mstem

Recent blog posts by mstem

#FBrape campaign scores quick victory against Facebook hate speech

How many major brands need to pull their advertising from Facebook to affect its policies governing speech?

One, apparently.

Last week I wrote up the #FBrape campaign's strategy: to hold Facebook accountable for the misogynistic content of its users by pressuring advertisers. Only seven days after the open letter was published, Marne Levine, Facebook's VP of Global Publicy Policy, published a response agreeing to the campaign's demands to better train the company's moderators, improve reporting processes, and hold offending users more accountable for the content they publish.

Women (and the people who love them) Go After Facebook's Advertisers

Strong social campaigns are based on a strong theory of change: how is my action (x) actually going to lead to desired change in the world (y)? Is that strategy sound? Is it effective?

Earlier tussles with Facebook, over issues like the site's distribution of user data (News Feed), or the site's removal of innocent breastfeeding photos, have appealed to the company directly, often on the platform itself. But a company with a billion users can find it difficult to respond to a tiny percentage of those users, even assuming good intentions. What they might respond to more rapidly, though, is a threat to their advertising revenue.

Women, Action, & the Media (WAM!) has launched a campaign (#FBrape) to get Facebook to restrict user content that promotes violence against women. What WAM! is trying to do here is start a series of conversations. By telling the public that Facebook "promotes rape" (a declaration I have some trouble with, versus "fails to adequately censor offensive speech"), WAM! hopes to drive enough consumers to express their disappointment to some of Facebook's advertisers. Here's how it could work:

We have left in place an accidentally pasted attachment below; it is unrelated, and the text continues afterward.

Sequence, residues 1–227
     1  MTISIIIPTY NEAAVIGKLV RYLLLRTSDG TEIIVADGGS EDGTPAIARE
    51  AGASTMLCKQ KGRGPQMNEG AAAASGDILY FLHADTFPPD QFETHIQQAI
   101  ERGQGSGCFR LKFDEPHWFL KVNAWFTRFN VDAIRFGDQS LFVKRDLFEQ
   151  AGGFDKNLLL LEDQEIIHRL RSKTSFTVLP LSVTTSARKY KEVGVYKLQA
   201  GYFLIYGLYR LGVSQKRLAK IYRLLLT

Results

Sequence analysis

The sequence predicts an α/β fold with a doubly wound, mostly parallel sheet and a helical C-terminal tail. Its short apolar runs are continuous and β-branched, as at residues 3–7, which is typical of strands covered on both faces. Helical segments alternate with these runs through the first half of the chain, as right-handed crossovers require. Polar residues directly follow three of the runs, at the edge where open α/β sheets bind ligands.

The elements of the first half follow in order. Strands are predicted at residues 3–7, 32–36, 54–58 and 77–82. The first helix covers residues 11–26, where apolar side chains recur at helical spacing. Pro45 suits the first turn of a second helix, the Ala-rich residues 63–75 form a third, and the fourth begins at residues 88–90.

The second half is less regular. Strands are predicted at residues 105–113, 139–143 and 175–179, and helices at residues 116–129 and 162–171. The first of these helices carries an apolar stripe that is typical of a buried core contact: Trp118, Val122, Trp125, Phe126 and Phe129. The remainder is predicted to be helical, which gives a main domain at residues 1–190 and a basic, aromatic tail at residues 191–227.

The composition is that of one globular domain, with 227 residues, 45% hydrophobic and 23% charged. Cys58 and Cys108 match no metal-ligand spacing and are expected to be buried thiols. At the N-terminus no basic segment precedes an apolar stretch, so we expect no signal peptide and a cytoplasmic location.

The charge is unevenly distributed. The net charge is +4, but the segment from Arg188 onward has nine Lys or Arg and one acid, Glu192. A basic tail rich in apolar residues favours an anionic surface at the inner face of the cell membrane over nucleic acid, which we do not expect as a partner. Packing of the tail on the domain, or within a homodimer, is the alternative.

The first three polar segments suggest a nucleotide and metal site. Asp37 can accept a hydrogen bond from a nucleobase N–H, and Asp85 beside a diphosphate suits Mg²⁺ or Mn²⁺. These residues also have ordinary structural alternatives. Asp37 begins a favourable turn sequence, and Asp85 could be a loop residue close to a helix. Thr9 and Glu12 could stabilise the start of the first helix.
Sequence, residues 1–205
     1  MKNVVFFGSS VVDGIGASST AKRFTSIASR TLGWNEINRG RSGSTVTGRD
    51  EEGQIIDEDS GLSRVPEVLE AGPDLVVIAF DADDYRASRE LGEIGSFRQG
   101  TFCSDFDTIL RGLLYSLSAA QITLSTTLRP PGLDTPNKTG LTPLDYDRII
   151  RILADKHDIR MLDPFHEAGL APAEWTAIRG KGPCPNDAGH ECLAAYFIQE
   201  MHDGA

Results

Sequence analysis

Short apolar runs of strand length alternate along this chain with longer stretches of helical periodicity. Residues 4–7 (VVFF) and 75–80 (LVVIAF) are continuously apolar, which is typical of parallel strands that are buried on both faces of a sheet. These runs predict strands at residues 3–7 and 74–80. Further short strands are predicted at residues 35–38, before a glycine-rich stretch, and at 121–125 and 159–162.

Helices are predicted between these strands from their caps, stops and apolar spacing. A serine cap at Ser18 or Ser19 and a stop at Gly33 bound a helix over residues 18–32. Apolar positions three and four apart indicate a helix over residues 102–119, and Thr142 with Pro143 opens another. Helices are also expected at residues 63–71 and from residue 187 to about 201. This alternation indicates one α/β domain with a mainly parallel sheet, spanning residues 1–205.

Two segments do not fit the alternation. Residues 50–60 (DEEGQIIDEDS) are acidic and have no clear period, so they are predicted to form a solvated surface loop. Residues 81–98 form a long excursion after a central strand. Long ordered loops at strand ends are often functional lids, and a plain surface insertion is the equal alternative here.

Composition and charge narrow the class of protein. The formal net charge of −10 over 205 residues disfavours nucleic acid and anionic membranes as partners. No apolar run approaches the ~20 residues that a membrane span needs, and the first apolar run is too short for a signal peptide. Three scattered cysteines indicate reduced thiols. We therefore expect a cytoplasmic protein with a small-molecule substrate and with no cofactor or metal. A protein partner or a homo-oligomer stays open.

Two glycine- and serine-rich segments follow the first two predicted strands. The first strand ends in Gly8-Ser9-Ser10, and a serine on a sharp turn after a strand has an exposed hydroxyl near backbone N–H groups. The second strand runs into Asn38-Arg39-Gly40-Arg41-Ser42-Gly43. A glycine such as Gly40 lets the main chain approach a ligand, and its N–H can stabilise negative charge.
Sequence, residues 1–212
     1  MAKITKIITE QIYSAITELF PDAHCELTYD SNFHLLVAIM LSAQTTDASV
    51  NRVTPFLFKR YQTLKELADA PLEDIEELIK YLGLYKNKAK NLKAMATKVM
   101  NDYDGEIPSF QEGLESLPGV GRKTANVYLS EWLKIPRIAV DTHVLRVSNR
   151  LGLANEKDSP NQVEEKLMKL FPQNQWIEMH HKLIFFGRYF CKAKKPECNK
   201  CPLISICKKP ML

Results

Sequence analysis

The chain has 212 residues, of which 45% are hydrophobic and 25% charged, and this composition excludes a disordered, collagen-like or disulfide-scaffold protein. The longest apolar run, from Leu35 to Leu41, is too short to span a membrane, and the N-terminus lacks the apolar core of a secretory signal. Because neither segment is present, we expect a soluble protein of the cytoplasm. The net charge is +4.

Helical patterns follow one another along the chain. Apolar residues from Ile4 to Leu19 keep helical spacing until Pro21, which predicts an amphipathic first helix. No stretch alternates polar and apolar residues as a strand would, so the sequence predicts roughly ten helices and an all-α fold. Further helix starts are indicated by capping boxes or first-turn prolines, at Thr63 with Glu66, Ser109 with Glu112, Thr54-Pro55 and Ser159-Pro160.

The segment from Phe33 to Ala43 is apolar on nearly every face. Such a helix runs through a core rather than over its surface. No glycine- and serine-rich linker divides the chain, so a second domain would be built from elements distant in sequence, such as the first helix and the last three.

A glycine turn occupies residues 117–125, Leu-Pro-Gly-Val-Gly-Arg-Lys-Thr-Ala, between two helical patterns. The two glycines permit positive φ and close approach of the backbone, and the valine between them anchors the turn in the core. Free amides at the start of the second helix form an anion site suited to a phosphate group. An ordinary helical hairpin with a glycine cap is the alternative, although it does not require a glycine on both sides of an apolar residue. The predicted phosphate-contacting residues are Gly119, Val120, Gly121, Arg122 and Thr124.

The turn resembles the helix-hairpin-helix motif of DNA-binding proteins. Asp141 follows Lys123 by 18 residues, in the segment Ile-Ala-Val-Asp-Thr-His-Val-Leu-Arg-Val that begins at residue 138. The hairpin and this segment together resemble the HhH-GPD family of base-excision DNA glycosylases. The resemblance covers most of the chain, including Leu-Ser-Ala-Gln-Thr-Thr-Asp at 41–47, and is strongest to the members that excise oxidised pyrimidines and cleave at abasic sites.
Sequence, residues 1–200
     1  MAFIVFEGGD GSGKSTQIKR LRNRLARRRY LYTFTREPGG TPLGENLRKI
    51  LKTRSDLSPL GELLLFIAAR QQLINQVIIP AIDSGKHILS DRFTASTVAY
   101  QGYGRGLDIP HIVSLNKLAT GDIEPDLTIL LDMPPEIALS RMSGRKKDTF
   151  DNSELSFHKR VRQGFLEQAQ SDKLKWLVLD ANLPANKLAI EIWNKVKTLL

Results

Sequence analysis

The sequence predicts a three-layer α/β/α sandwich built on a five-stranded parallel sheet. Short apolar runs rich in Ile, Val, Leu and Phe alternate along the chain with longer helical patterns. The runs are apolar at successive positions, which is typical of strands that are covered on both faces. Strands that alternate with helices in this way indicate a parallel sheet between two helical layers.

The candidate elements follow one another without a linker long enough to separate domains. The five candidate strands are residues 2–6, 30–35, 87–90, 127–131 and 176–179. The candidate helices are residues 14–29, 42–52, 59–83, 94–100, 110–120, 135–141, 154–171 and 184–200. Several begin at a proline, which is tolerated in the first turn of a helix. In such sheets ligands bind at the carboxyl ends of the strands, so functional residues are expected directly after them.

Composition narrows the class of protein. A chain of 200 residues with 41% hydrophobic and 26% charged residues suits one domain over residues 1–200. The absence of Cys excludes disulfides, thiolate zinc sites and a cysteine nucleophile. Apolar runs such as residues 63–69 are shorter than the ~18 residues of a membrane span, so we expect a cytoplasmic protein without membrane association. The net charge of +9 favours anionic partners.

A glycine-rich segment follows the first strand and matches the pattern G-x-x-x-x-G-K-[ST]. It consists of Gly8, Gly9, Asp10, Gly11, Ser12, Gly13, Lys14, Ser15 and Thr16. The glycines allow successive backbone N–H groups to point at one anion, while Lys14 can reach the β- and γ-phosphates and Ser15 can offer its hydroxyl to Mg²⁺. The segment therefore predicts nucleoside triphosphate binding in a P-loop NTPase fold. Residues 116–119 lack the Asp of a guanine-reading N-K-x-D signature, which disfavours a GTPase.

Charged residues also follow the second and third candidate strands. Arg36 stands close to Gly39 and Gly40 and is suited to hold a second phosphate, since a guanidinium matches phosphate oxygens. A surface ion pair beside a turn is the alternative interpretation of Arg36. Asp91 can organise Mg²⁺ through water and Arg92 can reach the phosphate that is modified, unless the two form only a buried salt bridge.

Holmes Wilson, internet activism, and why we need you

Fight For the Future is known for its massive viral organizing campaigns that changed Internet history both nationally and globally. Faced with the passage of Stop Online Piracy Act/SOPA and the Protect-IP Act/PIPA — legislation that would have jeopardized the open Internet as we know it — Fight for the Future organized the largest and most visible online protest in history. Holmes Wilson has also co-founded Miro, OpenCongress, and Amara. He’s been at the forefront of a range of open internet and participatory culture projects and campaigns.

Holmes Wilson (foreground) and Dalek (background)

The Boston Marathon, Social Media, and the News

I met my baby niece yesterday, Sunday morning. She was born late Saturday night. I went to some news sites to grab some screenshots of the things that happened the day she was born, and stopped myself. There were some really bad things happening in the world, Saturday, and every day. Instead, I wrote down that the Red Sox beat the Rays, 2-1.

Encouraging Flexibility from Social Media Giants: How We Get Private Platforms to Support Public Speech

There are many problems with using commercial technology platforms to host democratic, social, or activist content and communications. These problems came up in multiple sessions at the National Conference on Media Reform last weekend. There are also obvious reasons to continue using these platforms (audience reach, most notably), and so we do. Some activist efforts that silo communications on more open, but relatively unknown platforms strike me as irresponsible, if the goal is to reach as many people as possible (but this is a fine line). The more I think about this issue, though, the more I see potential solutions and a future in working with the platform providers to build some degree of flexibility into their products and policies.

soapbox at #ncmr13
The spot on the carpet reserved for public ranting at #NCMR13

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